Gratitude: Counting Your Blessings
I woke this morning full of gratitude for so many things. I began ticking them off in my mind and realized that the list never ends. Sitting in my den, looking out the windows at the wisteria blowing in the breeze and watching the oak trees sway just a bit, I've decided to make a list to read on other mornings when I wake in a not so wonderful state to remind me of all that I have.
At my age, the first thing that I am grateful for is that I woke up one more time and have one more day to do with what I will. Lately it seems that friends are suddenly ill or gone, and just being here for another day appears to be a gift in itself. I have already outlived my mom by 13 years. I remember her saying in her latter years that as long as you have your health, you have no real problems. I am grateful that although there is far too much of this ol' body, it serves me well.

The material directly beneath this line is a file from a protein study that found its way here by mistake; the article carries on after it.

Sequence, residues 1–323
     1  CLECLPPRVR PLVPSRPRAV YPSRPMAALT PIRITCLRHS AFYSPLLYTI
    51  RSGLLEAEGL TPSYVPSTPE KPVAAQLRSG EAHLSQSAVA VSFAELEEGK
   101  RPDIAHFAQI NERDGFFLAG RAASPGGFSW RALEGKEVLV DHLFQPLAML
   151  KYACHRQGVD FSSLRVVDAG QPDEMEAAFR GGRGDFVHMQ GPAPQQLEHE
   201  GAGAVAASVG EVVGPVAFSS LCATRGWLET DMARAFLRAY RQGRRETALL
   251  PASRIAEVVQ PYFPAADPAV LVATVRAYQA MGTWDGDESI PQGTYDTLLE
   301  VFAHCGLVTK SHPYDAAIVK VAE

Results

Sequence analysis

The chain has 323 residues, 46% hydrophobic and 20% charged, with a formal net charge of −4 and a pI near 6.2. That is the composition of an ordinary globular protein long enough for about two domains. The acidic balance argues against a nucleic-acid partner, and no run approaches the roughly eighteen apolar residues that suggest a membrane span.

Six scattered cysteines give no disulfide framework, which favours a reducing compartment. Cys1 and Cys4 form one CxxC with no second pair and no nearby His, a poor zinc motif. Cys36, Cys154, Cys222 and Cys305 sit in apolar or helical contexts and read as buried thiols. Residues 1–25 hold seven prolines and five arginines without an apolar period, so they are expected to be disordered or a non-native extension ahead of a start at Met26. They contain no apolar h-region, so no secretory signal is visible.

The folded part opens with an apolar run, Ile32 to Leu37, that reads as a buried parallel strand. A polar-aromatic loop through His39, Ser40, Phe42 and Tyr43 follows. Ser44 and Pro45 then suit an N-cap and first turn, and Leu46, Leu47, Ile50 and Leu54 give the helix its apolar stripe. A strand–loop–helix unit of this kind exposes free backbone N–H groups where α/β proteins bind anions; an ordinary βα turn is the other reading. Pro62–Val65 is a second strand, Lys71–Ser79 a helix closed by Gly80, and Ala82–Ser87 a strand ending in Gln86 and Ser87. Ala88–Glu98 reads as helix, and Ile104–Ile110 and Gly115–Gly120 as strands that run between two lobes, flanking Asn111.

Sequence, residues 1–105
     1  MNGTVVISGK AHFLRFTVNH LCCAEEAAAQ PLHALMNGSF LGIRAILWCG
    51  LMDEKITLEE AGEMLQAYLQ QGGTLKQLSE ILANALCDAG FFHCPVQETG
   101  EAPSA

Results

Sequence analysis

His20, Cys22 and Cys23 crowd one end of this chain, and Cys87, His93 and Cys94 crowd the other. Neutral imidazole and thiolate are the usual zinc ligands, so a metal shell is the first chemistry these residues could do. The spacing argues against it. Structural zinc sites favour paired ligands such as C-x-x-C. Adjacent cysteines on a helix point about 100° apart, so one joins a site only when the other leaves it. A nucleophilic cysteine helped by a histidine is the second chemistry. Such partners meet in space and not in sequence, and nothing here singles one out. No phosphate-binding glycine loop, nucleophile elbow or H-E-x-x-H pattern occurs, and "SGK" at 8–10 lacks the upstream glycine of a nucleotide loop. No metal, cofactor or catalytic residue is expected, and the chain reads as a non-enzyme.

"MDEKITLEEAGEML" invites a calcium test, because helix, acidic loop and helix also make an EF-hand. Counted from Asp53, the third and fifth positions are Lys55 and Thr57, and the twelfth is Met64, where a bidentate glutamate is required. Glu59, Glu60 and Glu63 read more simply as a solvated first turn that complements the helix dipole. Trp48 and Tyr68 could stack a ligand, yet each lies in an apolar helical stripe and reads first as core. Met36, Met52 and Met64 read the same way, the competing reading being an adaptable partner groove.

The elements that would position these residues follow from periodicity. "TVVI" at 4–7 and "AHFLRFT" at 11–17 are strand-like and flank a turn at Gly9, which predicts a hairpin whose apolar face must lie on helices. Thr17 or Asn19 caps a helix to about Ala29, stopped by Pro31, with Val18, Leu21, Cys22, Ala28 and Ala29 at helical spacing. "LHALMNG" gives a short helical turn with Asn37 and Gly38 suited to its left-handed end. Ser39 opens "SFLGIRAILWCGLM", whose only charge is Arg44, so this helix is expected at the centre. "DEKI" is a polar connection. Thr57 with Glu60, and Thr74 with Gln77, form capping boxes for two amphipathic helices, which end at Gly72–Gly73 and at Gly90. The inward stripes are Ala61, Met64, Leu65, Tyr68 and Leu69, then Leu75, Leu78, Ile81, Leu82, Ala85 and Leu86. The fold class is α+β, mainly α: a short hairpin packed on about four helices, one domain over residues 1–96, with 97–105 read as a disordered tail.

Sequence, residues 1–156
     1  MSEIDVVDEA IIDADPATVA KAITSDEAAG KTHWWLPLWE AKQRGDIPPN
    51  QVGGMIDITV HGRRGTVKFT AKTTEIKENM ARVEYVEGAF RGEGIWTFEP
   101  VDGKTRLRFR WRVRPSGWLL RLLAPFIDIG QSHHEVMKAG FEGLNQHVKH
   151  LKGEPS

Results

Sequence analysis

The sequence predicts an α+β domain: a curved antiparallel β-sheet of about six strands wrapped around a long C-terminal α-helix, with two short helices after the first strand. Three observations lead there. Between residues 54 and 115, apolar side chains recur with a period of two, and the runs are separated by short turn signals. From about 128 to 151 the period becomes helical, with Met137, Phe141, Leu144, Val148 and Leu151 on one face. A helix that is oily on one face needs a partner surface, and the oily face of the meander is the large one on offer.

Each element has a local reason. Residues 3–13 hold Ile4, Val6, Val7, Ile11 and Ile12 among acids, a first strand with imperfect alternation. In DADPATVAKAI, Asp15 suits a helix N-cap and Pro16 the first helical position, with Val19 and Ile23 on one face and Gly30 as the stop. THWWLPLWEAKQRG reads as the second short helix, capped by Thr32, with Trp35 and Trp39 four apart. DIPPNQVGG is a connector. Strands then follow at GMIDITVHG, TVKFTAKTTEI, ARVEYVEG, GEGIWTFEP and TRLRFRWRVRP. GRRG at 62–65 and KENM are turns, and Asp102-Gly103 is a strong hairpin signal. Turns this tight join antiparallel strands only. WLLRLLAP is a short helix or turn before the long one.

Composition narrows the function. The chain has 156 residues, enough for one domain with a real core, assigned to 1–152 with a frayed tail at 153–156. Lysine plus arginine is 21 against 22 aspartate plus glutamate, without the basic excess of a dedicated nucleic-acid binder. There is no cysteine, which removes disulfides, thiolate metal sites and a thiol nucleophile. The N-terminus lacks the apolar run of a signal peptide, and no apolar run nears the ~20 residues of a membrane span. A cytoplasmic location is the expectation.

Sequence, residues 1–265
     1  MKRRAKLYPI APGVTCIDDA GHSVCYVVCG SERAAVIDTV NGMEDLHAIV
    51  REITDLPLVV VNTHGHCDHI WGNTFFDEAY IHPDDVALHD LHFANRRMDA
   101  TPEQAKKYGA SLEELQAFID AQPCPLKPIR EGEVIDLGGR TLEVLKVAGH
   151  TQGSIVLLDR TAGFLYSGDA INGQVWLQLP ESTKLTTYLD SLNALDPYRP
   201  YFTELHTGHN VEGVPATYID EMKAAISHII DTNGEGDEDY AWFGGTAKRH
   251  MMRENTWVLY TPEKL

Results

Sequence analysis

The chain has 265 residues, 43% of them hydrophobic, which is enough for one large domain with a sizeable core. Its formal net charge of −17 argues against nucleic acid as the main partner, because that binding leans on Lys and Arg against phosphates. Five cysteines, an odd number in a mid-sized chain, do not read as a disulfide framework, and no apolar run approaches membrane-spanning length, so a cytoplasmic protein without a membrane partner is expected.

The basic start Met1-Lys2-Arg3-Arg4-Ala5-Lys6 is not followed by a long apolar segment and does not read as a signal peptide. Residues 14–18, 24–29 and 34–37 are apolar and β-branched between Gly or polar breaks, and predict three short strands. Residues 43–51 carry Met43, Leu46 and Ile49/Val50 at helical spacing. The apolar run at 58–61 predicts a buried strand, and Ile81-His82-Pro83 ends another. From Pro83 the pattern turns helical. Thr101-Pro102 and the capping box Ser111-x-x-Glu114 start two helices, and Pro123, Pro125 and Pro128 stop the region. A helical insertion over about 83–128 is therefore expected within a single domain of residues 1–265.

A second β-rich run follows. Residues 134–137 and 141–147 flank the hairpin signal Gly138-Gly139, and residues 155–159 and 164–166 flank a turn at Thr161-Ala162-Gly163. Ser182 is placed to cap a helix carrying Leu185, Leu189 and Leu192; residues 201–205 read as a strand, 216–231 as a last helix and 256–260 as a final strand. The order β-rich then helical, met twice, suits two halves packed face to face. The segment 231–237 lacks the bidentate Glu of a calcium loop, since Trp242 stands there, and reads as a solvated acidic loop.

I am, of course, grateful for my partner in life and crime, my husband of 46 years, Joe. He still makes me laugh after all these years. He anticipates my wants and needs and fulfills them to the best of his ability, at least until hunting season. Then he becomes a madman and disappears for weeks at a time, for which I am also grateful. This is his time to pursue his love of the outdoors and of the hunt and mine to pursue solitude and renewal. One of the things that he has taught me about life is that we must put ourselves first in order to be content. An example of his advice came many years ago when I was trying to think of a way to rid myself of a friend who dragged me down at every encounter and brought no joy to my life. I had thought of several ways to handle it diplomatically. After going through the list with Joe, his advice was: Just tell her to get the f*** out of your life. Those are the things I need to hear, the things that make me laugh and realize how simple life is when you take care of yourself first. At times, I look at his almost completely white head of hair and smiling face and hope the grim reaper snatches me first because I don't care to be here without him.